Lingnan spawns a new natural history collection
For such a relatively small place, Hong Kong enjoys a high level of biodiversity. There are at least two contributing factors that enable populations of species to develop separately: the SAR’s location on the border of tropical and sub-tropical zones, and the fact that the territory is made up of a number of islands.
The Romer’s tree frog (Liuixalus romeri) was once thought to be on the brink of extinction, and nearly all the surviving populations of the species are found solely in Hong Kong. The heaviest concentration of this small amphibian had been located on the island of Chek Lap Kok off Lantau. But when the decision was taken to build the new Hong Kong International Airport there 30 years ago, the resident Romer’s tree frog population was translocated to habitats on Hong Kong Island and the New Territories.
Pursuing his interest in the phylogeography and population genetics of amphibians and reptiles in Asia, Professor Jonathan Fong of Lingnan University’s Science Unit began a two-year research project focused on these frogs in June 2019. Professor Fong is working in collaboration with fellow Science Unit faculty Professor Sung Yik Hei, and has received HK$1.09 million worth of funding from the Hong Kong government’s Environment and Conservation Fund.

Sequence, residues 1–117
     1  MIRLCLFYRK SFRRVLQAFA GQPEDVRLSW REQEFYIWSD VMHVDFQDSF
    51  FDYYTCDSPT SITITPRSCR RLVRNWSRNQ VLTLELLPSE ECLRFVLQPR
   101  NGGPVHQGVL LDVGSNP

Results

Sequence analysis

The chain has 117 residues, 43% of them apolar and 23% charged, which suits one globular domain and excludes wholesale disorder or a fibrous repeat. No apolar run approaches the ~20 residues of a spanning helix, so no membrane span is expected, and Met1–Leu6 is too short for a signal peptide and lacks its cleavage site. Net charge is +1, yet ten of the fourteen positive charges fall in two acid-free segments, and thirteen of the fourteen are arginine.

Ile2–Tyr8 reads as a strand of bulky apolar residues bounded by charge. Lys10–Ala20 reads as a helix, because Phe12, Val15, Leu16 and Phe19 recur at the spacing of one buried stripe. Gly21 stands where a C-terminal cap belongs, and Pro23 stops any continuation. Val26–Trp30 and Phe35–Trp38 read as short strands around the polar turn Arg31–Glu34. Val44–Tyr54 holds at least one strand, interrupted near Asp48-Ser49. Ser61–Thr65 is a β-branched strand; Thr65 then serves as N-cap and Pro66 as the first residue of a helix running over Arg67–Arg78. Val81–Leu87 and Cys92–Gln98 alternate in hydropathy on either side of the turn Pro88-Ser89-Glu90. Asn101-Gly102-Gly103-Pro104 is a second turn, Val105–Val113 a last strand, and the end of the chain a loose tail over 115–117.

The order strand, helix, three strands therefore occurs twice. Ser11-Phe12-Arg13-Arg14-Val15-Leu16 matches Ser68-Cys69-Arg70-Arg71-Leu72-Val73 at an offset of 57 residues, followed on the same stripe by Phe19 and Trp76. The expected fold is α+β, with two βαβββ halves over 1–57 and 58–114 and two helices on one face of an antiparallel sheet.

The twin goals of the project are captured in its title, Building a Natural History Collection of Hong Kong’s Amphibians for Conservation and Education, with a Case-Study on the Endangered Romer’s Tree Frog.
It may seem ironic, but an important way to help ensure the long-term conservation of endangered animals is via a longitudinal process of killing and preserving samples of that species. Building a library of specimens taken over time enables researchers to see what was living in a certain place at particular moments in history, and the ways in which factors such as climate change are affecting animal populations. Such collections are rare in Hong Kong, and with the creation of a natural history museum in Hong Kong forming part of the government’s Biodiversity Strategy and Action Plan, Professor Fong is looking to begin the process with his work on amphibians. This collection will be held at Lingnan and will be available to researchers around the world.
As is commonly the case when collecting samples of amphibians and reptiles, Professor Fong has to go out at night to catch animals by hand. For example, Romer’s tree frog breeds in short-term water pools, and the wet seasons of spring and summer are the times when they are easiest to find.
The second goal of the project is to show the ways in which these types of collections can be useful. The genetic diversity of the collected Romer’s tree frog specimens will be assessed to determine the overall health of the species since its translocation. The DNA of separate populations will be compared to see to what degree they have diverged, and the data findings can then be used to formulate strategies to help preserve the species. In general the more diverse a species is, the healthier and more resilient it is.
To know more about Professor Jonathan Fong's research projects, please click Lingnan Scholars.